While the text is directed exclusively at issues in Lenin’s own time in place, it still has deep relevance for modern socialists. While Rabocheye Delo is now nothing more than a memory, many in the modern socialist movement still follow in their footsteps, arguing that we should focus almost exclusively on the day to day struggles of workers, and dismissing broader political questions as “not class questions.” Lenin’s words in What Is To Be Done? remain a powerful reminder that these “external” political issues are actually one of the most important theaters for the political development of the working class. The excerpts chosen here present some of the most important insights from the text for modern militants.
What Is To Be Done?
by Vladimir Ilyich Lenin
Section 1. From Dogmatism to Freedom of Criticism
Criticism in Russia
The chief distinguishing feature of Russia in regard to the point we are examining is that the very beginning of the spontaneous working-class movement, on the one hand, and of the turn of progressive public opinion towards Marxism, on the other, was marked by the combination of manifestly heterogeneous elements under a common flag to fight the common enemy (the obsolete social and political world outlook). We refer to the heyday of “legal Marxism”…. In a country ruled by an autocracy, with a completely enslaved press, in a period of desperate political reaction in which even the tiniest outgrowth of political discontent and protest is persecuted, the theory of revolutionary Marxism suddenly forces its way into the censored literature and, though expounded in Aesopian language1, is understood by all the “interested”.
1. Aesopian Language is a manner of communicating that is seen as innocent to outsiders but conveys a hidden meaning to an underground movement. Lenin is saying that the Marxists of this time had to hide their true points “between the lines” of government approved publications.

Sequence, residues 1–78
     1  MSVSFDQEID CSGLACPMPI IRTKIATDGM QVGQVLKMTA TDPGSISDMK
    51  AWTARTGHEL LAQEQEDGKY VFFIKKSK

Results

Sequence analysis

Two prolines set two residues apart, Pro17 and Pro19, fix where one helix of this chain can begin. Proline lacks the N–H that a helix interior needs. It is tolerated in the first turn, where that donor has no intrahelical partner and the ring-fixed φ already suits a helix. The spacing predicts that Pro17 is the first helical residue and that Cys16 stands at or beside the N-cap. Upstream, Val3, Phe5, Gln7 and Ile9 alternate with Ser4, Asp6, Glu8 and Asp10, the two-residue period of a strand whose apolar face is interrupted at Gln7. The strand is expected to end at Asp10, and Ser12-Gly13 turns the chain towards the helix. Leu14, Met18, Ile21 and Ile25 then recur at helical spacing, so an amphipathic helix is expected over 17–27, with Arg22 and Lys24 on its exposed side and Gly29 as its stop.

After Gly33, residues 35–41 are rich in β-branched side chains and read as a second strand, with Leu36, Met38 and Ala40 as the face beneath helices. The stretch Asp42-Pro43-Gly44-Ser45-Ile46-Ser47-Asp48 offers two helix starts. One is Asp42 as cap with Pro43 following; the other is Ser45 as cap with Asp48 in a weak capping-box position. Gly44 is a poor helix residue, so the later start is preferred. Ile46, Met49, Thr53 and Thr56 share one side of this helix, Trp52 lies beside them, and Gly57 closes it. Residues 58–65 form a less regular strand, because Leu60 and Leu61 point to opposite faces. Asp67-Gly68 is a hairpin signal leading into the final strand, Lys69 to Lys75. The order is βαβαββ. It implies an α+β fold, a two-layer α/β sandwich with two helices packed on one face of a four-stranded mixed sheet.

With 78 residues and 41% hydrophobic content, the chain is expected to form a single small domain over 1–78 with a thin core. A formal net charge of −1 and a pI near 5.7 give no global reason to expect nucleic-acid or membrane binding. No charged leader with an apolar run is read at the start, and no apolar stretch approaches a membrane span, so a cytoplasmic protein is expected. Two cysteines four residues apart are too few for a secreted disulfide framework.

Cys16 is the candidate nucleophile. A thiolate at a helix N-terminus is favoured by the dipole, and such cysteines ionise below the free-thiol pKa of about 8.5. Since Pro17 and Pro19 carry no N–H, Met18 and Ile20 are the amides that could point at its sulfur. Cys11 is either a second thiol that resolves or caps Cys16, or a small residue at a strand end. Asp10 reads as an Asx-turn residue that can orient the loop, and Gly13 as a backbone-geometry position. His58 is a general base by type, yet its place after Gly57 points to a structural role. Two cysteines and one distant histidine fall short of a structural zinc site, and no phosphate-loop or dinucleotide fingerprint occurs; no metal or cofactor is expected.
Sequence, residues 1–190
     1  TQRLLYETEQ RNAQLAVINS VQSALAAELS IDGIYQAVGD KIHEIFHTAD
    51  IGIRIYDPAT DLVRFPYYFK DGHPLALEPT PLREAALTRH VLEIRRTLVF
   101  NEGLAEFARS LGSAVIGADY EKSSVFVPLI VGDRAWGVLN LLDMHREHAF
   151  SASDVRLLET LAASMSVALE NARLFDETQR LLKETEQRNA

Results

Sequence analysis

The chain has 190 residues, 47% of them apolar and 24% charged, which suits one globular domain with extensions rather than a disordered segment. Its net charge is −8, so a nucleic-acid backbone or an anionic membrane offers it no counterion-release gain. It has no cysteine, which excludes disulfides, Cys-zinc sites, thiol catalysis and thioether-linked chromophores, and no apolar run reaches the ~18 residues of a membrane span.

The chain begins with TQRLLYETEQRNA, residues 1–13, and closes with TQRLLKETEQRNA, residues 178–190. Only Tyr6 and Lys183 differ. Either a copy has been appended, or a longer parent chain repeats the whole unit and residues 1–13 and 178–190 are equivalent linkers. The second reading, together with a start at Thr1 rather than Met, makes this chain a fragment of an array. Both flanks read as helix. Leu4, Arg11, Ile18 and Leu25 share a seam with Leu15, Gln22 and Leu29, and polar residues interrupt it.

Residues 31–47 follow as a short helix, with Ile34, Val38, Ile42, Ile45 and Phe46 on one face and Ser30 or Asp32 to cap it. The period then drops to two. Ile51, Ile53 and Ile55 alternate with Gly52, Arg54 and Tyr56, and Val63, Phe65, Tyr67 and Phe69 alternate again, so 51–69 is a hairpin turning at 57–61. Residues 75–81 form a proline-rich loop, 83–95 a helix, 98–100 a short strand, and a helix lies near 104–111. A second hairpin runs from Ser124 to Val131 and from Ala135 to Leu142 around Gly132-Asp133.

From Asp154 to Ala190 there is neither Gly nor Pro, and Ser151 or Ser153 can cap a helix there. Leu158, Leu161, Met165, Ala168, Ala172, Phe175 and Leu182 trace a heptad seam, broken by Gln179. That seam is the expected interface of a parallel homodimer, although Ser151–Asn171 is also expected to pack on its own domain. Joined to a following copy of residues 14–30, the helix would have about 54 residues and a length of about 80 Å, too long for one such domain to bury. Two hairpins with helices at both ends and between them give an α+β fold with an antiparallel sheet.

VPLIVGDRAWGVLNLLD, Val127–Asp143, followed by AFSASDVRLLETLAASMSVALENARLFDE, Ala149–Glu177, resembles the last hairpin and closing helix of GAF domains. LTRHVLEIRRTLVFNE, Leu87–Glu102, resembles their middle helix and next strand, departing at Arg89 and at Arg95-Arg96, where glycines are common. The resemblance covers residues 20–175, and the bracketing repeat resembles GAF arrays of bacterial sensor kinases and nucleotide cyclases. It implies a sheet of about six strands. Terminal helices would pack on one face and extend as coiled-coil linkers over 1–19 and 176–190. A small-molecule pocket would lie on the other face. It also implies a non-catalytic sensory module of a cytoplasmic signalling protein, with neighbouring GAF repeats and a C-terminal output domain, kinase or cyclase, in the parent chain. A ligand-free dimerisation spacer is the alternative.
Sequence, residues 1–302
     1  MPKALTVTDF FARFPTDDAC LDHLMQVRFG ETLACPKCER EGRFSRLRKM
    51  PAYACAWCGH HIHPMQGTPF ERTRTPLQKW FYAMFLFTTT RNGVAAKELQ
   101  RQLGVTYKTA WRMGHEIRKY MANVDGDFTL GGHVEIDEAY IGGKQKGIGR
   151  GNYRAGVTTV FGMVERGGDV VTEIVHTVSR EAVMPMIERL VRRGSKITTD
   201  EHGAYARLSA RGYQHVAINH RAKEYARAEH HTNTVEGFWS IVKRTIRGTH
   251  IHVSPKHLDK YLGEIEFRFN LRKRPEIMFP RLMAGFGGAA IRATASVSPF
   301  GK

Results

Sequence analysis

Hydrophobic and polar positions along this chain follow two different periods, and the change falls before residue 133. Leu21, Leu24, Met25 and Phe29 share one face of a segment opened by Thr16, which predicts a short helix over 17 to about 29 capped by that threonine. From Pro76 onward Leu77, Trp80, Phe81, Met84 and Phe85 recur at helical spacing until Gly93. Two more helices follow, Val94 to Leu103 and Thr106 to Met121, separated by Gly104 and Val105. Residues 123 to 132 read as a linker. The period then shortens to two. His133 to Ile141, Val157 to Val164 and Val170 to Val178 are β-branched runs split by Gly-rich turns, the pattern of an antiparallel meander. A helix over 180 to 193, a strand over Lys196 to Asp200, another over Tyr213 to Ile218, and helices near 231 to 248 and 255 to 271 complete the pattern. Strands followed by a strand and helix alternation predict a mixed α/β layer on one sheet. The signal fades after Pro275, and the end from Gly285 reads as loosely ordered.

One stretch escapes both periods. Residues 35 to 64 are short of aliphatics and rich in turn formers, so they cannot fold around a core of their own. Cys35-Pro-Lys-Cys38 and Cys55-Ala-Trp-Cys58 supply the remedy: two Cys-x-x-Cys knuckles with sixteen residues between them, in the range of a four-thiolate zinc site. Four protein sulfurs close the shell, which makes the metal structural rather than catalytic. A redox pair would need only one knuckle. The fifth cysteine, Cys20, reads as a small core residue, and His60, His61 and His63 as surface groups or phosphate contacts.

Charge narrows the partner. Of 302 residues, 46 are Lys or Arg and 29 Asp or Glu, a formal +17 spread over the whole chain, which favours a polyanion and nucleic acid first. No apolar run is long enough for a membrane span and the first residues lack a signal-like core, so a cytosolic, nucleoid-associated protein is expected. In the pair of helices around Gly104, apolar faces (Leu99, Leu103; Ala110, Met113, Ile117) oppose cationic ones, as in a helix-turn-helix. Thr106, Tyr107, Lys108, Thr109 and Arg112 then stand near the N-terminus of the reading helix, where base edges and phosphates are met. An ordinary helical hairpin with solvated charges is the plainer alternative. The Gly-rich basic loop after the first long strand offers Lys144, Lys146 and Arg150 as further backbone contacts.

The government had accustomed itself to regarding only the theory of the (revolutionary) Narodnaya Volya (People’s Will)2 as dangerous, without, as is usual, observing its internal evolution, and rejoicing at any criticism levelled against it. Quite a considerable time elapsed (by our Russian standards) before the government realised what had happened and the unwieldy army of censors and gendarmes3 discovered the new enemy and flung itself upon him. Meanwhile, Marxist books were published one after another, Marxist journals and newspapers were founded, nearly everyone became a Marxist, Marxists were flattered, Marxists were courted, and the book publishers rejoiced at the extraordinary, ready sale of Marxist literature…
2. Narodnaya Volya which emerged from the Narodnik movement (Populists) were a left wing Russian group dedicated to the overthrow of the Tsar. They were mainly known for fighting for the overthrow of the monarchy through individual terrorism which they believed would spur the peasant masses into revolution. Early Russian Marxism spent a good deal of its time polemicizing against this flawed approach.
3. Military Police
We can now speak calmly of this period as of an event of the past. It is no secret that the brief period in which Marxism blossomed on the surface of our literature was called forth by an alliance between people of extreme and of very moderate views. In point of fact, the latter were bourgeois democrats; this conclusion suggested itself to some even when the “alliance” was still intact… Only those who are not sure of themselves can fear to enter into temporary alliances even with unreliable people; not a single political party could exist without such alliances. The combination with the legal Marxists was in its way the first really political alliance entered into by Russian Social-Democrats.4 Thanks to this alliance, an astonishingly rapid victory was obtained over Narodism,5 and Marxist ideas (even though in a vulgarised form) became very widespread. Moreover, the alliance was not concluded altogether without “conditions”…